Opinion

Reed & Rosenbaum: 10 Reflections From 10 Years of SXSW EDU, as Conference Gears Up in Austin

By Ron Reed and Greg Rosenbaum | March 5, 2020

Ron Reed and Greg Rosenbaum of SXSW (Randy & Jackie Smith)

In 2010, Apple released the first iPad, Justin Bieber dominated the music charts, and the FIFA World Cup was played in South Africa. In Austin, Texas, SXSW EDU was a spark of an idea, incubated at SXSW Interactive. We joined together to produce the first SXSW EDU in 2011, and between us, we’ve been guiding SXSW EDU as it has flourished and matured.

Since its first year in 2011, the SXSW EDU Conference & Festival has grown from 800 to 8,000-plus registered attendees, who gather each March in Austin to celebrate diversity and share perspectives on how to advance teaching and learning.

Bill Gates at SXSW EDU in 2013 (JW Walthall)

As we look back, we reflected on 10 areas in education that have evolved over the past 10 years. The changes in the landscape of learning over the past decade have been striking.

1. Standardized vs. Personalized Learning

In the past 10 years, the conversation has morphed from a focus on school structures and systems to the needs of the learner. Slowly but surely, there has been a transition from high-stakes testing to student-centered teaching to better support and engage children.

2. Learning as a Lifestyle

Whereas learning once principally occurred in the confines of school, the move to continuous learning throughout one’s career and life has expanded where and when learning occurs, to everywhere and all the time. We no longer view learning as limited to institutions and degrees, but as a lifelong pursuit.

3. Student Voice

More than ever before, youth of today are becoming leaders of their own learning, lives and the world in which they live. Their level of engagement signals a shift from passively receiving their education to being more active in creating their own futures. Back in 2015, we partnered with Student Voice to host a problem-solving session to help the organization build out the Student Bill of Rights that lives on today as a testament to students’ role in driving their own learning.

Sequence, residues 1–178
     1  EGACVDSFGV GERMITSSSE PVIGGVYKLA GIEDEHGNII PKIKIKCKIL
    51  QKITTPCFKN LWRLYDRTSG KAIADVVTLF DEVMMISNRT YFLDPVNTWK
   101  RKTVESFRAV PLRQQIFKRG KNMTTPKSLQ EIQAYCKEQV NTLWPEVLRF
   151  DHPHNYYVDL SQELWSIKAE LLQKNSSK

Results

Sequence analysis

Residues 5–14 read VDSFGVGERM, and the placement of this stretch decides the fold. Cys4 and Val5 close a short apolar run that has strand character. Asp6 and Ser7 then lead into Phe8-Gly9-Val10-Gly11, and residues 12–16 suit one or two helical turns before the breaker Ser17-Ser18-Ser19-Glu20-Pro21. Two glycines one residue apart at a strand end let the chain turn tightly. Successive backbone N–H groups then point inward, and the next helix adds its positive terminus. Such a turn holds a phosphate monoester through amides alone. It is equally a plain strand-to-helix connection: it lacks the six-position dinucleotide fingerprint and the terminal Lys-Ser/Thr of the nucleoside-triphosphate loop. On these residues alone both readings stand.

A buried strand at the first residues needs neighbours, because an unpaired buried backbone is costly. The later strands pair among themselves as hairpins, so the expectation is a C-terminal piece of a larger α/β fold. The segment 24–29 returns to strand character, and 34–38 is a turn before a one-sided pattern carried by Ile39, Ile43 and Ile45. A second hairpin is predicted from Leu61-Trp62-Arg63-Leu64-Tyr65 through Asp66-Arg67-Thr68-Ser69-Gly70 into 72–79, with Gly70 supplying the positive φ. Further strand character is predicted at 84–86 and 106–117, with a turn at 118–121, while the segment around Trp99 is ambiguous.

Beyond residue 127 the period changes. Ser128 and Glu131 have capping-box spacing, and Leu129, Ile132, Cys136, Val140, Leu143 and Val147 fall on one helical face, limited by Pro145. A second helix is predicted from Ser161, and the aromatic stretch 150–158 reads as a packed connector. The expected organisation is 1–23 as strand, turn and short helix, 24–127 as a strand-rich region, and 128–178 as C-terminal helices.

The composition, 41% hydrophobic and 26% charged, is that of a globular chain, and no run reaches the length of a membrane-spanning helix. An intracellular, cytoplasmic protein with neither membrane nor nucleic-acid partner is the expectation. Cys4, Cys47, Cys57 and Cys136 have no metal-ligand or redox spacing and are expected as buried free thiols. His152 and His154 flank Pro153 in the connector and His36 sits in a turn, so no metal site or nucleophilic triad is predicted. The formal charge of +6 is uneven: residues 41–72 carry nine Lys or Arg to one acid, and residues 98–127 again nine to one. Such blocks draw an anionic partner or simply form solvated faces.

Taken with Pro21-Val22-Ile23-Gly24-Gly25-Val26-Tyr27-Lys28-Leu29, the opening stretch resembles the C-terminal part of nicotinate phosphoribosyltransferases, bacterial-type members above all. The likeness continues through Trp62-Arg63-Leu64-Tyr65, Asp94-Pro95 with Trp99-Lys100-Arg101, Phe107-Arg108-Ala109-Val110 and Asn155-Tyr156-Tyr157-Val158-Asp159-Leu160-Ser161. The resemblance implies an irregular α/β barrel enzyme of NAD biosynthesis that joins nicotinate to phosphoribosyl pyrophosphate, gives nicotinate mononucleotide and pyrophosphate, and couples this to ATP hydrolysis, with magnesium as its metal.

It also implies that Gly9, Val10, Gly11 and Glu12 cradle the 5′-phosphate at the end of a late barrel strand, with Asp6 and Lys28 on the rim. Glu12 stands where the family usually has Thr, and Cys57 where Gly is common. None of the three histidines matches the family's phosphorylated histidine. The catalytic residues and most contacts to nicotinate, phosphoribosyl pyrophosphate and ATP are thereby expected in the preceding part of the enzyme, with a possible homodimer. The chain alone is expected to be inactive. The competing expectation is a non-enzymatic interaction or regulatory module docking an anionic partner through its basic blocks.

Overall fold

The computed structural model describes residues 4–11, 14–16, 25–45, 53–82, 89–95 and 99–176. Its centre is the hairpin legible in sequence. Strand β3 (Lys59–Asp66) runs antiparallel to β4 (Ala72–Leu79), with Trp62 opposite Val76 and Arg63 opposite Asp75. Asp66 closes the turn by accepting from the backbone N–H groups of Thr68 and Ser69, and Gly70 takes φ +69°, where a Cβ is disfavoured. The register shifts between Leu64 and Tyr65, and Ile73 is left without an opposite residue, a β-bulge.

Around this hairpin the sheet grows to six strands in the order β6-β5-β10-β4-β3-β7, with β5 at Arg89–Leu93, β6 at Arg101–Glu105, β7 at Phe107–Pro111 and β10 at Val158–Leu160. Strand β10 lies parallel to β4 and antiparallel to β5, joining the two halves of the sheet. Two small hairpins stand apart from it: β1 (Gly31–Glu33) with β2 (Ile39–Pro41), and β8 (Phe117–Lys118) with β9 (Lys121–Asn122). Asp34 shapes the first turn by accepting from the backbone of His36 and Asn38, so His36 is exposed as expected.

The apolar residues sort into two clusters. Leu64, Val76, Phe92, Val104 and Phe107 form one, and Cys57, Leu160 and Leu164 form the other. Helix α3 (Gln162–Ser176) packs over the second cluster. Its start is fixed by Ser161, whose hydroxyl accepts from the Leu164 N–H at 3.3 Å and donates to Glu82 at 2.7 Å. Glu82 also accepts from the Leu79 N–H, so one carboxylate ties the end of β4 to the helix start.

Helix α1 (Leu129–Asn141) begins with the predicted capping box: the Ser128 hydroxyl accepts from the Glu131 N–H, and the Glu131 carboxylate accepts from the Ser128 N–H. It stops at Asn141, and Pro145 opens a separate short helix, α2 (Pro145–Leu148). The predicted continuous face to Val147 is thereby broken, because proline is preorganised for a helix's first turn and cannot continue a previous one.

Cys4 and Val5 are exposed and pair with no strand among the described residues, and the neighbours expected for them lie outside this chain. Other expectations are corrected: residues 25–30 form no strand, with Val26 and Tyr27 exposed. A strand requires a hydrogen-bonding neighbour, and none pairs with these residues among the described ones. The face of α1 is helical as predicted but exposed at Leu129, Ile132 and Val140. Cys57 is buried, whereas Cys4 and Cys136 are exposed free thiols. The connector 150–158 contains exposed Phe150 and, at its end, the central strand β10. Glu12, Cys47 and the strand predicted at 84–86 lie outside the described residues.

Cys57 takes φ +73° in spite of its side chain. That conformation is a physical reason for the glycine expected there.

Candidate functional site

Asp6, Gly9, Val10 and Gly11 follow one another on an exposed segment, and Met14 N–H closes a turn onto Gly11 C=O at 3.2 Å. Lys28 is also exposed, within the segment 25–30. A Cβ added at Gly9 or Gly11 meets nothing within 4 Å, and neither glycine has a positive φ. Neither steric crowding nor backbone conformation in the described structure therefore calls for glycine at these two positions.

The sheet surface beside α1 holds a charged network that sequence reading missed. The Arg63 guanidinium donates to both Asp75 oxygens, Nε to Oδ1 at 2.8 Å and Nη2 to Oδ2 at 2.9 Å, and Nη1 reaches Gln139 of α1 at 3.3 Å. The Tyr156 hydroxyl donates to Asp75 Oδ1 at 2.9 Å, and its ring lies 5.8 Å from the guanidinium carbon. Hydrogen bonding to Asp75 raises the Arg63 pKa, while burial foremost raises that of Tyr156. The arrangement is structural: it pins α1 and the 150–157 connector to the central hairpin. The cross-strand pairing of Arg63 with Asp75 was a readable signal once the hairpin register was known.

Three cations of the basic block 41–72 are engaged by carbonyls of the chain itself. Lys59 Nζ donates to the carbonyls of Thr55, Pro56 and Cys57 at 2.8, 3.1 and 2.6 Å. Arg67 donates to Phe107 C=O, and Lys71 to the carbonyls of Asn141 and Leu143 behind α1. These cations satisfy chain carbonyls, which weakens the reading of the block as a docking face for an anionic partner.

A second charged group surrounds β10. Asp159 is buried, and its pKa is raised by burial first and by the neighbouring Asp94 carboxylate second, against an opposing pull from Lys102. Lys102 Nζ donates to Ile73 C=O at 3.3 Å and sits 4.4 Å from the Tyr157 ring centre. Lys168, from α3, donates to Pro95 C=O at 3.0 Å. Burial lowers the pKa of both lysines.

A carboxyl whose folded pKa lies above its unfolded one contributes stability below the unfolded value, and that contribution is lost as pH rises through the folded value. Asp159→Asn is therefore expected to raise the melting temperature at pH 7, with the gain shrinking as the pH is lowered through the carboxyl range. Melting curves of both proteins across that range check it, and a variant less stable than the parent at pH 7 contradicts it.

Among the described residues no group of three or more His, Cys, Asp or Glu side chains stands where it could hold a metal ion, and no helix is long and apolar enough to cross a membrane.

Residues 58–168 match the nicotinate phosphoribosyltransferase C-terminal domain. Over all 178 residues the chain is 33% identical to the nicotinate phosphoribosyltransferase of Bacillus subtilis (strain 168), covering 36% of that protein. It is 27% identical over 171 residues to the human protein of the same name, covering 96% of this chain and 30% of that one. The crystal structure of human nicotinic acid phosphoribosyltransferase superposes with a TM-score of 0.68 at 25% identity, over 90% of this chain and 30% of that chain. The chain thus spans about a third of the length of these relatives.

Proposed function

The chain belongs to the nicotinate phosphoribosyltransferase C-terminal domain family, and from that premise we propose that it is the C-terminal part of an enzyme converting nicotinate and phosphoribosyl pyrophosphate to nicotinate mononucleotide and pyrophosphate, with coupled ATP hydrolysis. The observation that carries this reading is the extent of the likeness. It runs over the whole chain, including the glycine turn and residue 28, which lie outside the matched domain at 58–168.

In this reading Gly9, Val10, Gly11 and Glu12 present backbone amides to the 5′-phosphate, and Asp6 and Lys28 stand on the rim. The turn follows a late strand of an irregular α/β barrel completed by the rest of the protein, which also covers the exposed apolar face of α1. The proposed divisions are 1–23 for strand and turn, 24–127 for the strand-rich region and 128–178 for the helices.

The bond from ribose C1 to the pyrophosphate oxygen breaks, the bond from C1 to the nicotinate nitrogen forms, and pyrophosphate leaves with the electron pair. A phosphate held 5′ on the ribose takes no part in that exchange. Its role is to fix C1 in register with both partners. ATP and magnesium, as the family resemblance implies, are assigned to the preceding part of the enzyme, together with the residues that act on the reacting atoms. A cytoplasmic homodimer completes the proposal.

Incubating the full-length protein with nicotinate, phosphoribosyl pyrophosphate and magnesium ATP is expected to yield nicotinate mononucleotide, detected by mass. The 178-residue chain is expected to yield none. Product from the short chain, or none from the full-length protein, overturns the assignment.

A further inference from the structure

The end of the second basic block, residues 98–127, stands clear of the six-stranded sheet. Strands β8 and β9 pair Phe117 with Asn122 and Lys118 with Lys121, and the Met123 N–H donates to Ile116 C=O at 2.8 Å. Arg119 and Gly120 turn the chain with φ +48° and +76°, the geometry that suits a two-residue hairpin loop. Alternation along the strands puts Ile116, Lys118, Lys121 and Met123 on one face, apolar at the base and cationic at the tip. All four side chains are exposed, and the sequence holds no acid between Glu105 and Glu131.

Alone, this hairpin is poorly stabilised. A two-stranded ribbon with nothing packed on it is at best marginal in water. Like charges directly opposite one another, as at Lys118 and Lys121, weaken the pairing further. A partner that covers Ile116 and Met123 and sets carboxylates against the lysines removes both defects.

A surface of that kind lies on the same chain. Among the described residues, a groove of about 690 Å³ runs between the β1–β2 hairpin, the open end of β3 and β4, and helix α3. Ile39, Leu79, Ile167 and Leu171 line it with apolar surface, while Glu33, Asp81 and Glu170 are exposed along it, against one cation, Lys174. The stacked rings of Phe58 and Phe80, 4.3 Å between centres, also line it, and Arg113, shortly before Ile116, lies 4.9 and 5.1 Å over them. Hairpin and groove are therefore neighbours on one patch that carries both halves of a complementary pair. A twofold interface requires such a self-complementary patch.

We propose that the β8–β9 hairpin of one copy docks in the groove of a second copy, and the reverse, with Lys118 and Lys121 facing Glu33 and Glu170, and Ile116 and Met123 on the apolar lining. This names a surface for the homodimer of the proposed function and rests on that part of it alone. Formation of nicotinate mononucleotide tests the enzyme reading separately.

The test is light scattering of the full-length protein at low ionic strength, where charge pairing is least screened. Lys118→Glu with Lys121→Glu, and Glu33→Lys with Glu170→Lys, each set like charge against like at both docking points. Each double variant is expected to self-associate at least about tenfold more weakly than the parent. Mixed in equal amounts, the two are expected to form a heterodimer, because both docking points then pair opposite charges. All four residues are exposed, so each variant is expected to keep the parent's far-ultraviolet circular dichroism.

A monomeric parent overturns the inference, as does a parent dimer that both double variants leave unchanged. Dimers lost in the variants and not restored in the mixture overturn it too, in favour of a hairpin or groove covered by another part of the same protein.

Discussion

4. Learning From Educators

For as long as we can remember, teachers stood in the front of the class and taught lessons whether students were listening or not. Similarly, SXSW EDU initially modeled most of its program with an expert at the front of the room. Thanks to our passionate, engaged and vocal community, we quickly discovered — like all learners — that they value a very different, more personalized, interactive experience.

5. Hardware to Software

During the first few years, the program was full of sessions focused on bringing devices into the classroom and how best to implement 1-to-1 initiatives. Now, after the success of getting technology into schools, organizations are turning to software and experiential platforms to empower educators to be more personally connected to their students and their learning.

6. Fueling Learning Through Design

From schools and libraries to informal community learning centers, the drive to create meaningfully designed spaces for learning has become a priority. Physical space and classroom design impact learners’ creativity and motivation in unique ways, which led to the creation of the SXSW EDU Learn by Design competition in 2017.

7. STEM to STEAM

What was once a discussion of teaching science, technology, engineering and math has grown to embrace the arts as an integral part of the learning process. The arts are enjoying a renaissance after decades of being overshadowed by assessed core subjects, and the conference reflects this by including more performances, films and a special Playground that highlights immersive experiences at the event. There is an appreciation that interdisciplinary learning makes these subjects more accessible and inviting to everyone, regardless of background, gender or comfort level.

A discovery-based learning Playground at SXSW EDU (Danny Matson)

8. Wellness and Self-Care

Whether talking about students or educators, there has been a shift toward supporting the whole child and the whole educator, and building a balance among work, learning and life. It’s no surprise, then, that the SEL & Wellness programming track has been one of fastest-growing over the past five years; expanded offerings range from meditation and yoga to hikes and runs and more.

9. Future of Work 

Rapid changes in the workplace are forcing educators to revisit the skill sets and tools that students need to succeed. These weren’t at the forefront of the discussion 10 years ago. But today, to prepare youth for jobs that don’t exist yet, schools and businesses are partnering to share insights, address challenges and create new opportunities in both K-12 and higher education. In an effort to build a stronger bridge between these communities, we launched a crossover program on the final day of SXSW EDU to bring tech leaders into the conversation.

10. Intersection of Culture and Learning 

For SXSW EDU, education sits squarely at the intersection of culture and learning. It is there that our community gains its inspiration and insights from diverse voices and varied perspectives. As a tool for empowerment and economic mobility, world-class learning systems embrace the fundamental imperative that such opportunities be accessible and available to all learners — an aspiration that SXSW EDU embraces and champions.

What we know for certain, after a decade of SXSW EDU, is that we are stronger because of our community, with its diversity and shared vision for supporting teaching and learning. At the end of the day, we will continue to push for more human connectedness, compassion and inclusion.

Ron Reed is founder and executive producer of SXSW EDU. Greg Rosenbaum is head of SXSW EDU.

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